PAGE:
| Adelaide University
|110 Rhodes Scholars
The University of Adelaide (informally Adelaide University) is a public university located in Adelaide, South Australia. Established in 1874, it is the third-oldest university in Australia. The university's main campus is located on North Terrace in the Adelaide city centre, adjacent to the Art Gallery of South Australia, the South Australian Museum and the State Library of South Australia.
The university has four campuses, three in South Australia: North Terrace campus in the city, Roseworthy campus at Roseworthy and Waite campus at Urrbrae, and one in Melbourne, Victoria. The university also operates out of other areas such as Thebarton, the National Wine Centre in the Adelaide Park Lands, and in Singapore through the Ngee Ann-Adelaide Education Centre.
The University of Adelaide is composed of five faculties, with each containing constituent schools. These include the Faculty of Engineering, Computer, and Mathematical Sciences (ECMS), the Faculty of Health and Medical Sciences, the Faculty of Arts, the Faculty of the Professions, and the Faculty of Sciences. It is a member of the Group of Eight and the Association of Commonwealth Universities. The university is also a member of the Sandstone universities, which mostly consist of colonial-era universities within Australia.
The university is associated with five Nobel laureates, constituting one-third of Australia's total Nobel Laureates, and 110 Rhodes scholars. The university has had a considerable impact on the public life of South Australia, having educated many of the state's leading businesspeople, lawyers, medical professionals and politicians. The university has been associated with many notable achievements and discoveries, such as the discovery and development of penicillin, the development of space exploration, sunscreen, the military tank, Wi-Fi, polymer banknotes and X-ray crystallography, and the study of viticulture and oenology.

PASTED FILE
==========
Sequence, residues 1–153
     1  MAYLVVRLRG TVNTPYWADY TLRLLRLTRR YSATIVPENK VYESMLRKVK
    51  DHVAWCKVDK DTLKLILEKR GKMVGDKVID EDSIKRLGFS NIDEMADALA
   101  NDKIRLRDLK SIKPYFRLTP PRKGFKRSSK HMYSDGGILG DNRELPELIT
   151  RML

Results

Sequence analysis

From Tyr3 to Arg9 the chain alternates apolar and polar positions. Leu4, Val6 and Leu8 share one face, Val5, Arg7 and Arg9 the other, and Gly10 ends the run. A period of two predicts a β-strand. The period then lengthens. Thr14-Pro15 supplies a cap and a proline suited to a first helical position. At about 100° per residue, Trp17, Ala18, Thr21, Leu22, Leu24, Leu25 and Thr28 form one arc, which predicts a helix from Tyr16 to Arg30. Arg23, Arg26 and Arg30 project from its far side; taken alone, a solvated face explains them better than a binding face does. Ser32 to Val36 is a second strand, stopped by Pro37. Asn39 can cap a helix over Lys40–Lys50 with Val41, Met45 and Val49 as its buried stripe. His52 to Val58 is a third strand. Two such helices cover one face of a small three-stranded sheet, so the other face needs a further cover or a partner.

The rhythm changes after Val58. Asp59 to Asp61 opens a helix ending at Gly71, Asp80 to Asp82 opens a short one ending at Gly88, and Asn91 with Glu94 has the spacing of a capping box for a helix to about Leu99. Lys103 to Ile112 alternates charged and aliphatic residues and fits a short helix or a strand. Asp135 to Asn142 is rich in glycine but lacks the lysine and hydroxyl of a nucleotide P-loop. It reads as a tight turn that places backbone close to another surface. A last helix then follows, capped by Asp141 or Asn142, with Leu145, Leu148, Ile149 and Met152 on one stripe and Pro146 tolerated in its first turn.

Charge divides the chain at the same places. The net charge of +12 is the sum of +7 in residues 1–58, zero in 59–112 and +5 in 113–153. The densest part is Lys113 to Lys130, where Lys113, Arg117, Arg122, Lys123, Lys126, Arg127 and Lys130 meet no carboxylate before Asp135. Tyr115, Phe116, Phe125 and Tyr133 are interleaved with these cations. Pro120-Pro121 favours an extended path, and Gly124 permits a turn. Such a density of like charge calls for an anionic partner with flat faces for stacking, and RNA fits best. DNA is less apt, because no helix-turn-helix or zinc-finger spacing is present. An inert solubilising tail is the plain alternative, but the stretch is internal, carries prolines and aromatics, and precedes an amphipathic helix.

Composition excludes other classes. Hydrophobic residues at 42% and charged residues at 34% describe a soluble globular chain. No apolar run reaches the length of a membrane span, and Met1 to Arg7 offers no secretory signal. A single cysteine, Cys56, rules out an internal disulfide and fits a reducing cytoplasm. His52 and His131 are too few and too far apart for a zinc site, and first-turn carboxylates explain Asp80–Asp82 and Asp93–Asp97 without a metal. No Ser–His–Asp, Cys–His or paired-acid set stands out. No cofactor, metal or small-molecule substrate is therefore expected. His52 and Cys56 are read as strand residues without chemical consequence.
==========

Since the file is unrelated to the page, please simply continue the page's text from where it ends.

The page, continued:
The University of Adelaide has capitalised on opportunities to commercialise its research. The university has the highest volume of commercial research agreements of all Australian universities. It engages in extensive contract research and collaborative work in conjunction with local and international companies, as well as federal, state and local governments. This activity is managed by the university's commercial development company, Adelaide Research & Innovation Pty Ltd (ARI).
Some examples of recent influences to the university's teaching and research priorities are the Defence Science and Technology Group (DSTG; previously the Defence Science and Technology Organisation, or DSTO) in Adelaide's northern suburbs to which the university provides many psychology, physics, engineering, and IT graduates; and the growth in South Australia's wine industry, which is supported by the Waite and National Wine Centre campuses producing oenology and agriculture/viticulture graduates.
In addition, the university participates in the Auto-ID Labs, a network of seven research universities in the field of networked radio-frequency identification (RFID) and emerging sensing technologies.
Employee on Wikispooks
|Robert M. Hill
|26 July 2010
|25 July 2014
Alumni on Wikispooks
- https://www.adelaide.edu.au/planning/statistics/pocket-stats/2017pocket_stats.pdf%7Cpublisher=University of Adelaide|title=2017 Pocket Statistics|access-date=17 July 2017}}